This nice blade will certainly offer it's users a lot of joy. And in return I hope the owners pay her back in lot of exercise and loving care. If you recognize this knife please feel free to contact me and tell me how she's doing.
This is a very good example on how a knife can be an efficient tool and a piece of beautiful art at the same time (Knives - Tools & Art).
I'm always walking around a bit in love with a knife and right now it's the Giron (art no. 3537) from Karesuandokniven that makes my heart go faster. This small knife and it's 75 mm short blade has made me appreciate short blade knives again. Appropriately enough I got this knife just before I left for my hiking and fishing adventure in the beautiful Tjuonajokk. Giron is the old name of the town Kiruna in Lapland and Giron is the Northern Sami language's word for Rock Ptarmigan. Felt right wearing the Giron in my belt when operating in this inspiring area of Sweden.
The Giron is one of Karesuandokniven's newest model and it's a tribute to the traditional Scandinavian knife with it's non-existing handle guard and it's straight blade neck. The handle made of brass, rein deer antler and oiled curly birch is shaped as the head of the Rock Ptarmigan. The sheath made of cowhide, rein deer skin and plastic inlays is decorated with a leather wing to enhance the Ptarmigan theme. Karesuandokniven has since some years back offered their model Willow Grouse (art no. 3524) referring to the Willow Ptarmigan that is a bit bigger than it's rock cousin.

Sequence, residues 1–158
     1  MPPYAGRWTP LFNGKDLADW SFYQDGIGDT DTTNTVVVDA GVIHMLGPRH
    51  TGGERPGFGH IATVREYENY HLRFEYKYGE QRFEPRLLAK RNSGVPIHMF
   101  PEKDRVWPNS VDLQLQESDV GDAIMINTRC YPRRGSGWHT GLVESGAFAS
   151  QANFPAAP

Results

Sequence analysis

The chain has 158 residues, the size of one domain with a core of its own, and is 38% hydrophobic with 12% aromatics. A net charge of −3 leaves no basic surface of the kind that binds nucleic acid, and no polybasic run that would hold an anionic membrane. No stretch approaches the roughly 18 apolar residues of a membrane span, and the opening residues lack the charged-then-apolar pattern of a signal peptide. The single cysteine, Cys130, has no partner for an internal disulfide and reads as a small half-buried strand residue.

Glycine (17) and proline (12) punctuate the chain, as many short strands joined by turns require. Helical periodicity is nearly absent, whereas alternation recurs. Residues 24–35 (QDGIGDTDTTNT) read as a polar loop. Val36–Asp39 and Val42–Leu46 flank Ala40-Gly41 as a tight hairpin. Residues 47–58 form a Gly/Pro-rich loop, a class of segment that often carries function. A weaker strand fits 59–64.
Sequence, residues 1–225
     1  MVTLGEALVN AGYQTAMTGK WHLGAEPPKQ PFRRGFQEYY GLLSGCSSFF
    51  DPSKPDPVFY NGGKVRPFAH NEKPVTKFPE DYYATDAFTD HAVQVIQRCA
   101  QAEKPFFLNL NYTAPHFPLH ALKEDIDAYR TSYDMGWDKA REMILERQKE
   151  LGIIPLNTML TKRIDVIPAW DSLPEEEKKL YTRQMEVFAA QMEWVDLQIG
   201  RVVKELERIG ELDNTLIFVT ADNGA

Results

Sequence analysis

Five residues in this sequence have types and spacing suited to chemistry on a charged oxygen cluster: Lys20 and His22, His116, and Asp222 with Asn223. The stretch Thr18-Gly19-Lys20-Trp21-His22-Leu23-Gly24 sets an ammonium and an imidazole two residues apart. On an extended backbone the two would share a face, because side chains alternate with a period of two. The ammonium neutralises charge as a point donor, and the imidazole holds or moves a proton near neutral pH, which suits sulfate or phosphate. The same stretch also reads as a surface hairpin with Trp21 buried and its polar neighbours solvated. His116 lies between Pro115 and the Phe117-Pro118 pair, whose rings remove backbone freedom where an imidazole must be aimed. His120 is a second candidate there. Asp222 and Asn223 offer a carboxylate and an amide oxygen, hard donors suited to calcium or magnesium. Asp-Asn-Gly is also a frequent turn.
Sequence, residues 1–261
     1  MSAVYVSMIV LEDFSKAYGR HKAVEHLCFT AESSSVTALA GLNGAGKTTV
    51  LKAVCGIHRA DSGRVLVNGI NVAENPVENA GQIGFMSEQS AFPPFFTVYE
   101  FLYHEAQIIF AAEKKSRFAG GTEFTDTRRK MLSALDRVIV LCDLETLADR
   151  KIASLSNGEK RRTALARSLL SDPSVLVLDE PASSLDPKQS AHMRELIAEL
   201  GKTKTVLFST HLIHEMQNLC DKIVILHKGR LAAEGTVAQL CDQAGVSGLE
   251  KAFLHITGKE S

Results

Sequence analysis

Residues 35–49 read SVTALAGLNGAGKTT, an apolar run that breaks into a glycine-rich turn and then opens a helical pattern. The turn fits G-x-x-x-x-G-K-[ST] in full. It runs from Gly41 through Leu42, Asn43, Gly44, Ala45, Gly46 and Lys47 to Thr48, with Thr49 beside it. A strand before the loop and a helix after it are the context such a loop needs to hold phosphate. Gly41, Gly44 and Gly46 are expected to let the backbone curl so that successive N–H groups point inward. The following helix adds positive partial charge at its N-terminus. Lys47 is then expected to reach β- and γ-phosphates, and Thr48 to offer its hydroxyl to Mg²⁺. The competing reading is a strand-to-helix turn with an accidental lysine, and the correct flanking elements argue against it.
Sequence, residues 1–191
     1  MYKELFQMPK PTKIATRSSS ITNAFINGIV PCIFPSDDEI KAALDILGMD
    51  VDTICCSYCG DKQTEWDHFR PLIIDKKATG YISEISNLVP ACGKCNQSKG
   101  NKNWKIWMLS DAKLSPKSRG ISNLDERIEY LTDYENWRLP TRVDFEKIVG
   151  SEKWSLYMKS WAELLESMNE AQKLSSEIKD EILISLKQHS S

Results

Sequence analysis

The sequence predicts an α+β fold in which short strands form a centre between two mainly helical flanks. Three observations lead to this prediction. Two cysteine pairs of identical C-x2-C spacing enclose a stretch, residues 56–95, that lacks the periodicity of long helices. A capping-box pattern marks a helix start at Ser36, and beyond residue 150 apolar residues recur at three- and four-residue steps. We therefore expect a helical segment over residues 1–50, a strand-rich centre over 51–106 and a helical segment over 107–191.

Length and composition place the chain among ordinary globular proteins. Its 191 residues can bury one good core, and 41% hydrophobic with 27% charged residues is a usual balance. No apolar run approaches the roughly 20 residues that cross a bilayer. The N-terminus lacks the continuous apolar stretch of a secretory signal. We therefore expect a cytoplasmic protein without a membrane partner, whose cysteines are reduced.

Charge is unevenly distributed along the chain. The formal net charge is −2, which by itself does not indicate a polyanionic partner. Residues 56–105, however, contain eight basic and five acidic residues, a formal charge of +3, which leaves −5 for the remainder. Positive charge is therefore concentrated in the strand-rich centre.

The Giron is a small and compact knife that fits nicely in my hand. Of course the lack of a guard demands some blade experience but I like to have some blade contact when working with the knife. The 2 mm thick and 20 mm wide blade is easy handeled, comes with a good edge and is easy to keep in shape.
I like carrying a sheath with the traditional Scandinavian leather loop strap, especially when hiking using a backpack conveyor belt at my hip. After some usage the Giron's leather sheath gets a bit darker in color and gets a beautiful patina. If I could change something on the Giron I'd like the sheath to be about one inch shorter. A small knife like the Giron could in my opinion settle with a smaller sheath than the original length of 188 mm (224 mm in total, knife in sheath).